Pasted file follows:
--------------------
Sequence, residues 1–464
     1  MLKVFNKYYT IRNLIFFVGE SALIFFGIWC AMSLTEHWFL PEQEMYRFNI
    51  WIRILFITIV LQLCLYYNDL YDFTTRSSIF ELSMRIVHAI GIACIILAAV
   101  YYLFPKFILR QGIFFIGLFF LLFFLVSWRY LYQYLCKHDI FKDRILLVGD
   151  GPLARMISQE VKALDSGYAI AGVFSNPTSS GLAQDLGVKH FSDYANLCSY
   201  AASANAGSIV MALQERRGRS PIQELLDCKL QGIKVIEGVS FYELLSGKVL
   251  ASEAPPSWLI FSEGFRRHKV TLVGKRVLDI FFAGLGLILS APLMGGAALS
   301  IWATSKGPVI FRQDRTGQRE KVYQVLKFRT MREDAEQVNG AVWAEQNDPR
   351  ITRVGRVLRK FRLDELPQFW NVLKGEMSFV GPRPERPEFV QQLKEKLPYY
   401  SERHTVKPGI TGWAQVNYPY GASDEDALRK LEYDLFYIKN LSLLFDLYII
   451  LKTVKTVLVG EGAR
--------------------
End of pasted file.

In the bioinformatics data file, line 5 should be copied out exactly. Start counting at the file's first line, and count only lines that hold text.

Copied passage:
   151  GPLARMISQE VKALDSGYAI AGVFSNPTSS GLAQDLGVKH FSDYANLCSY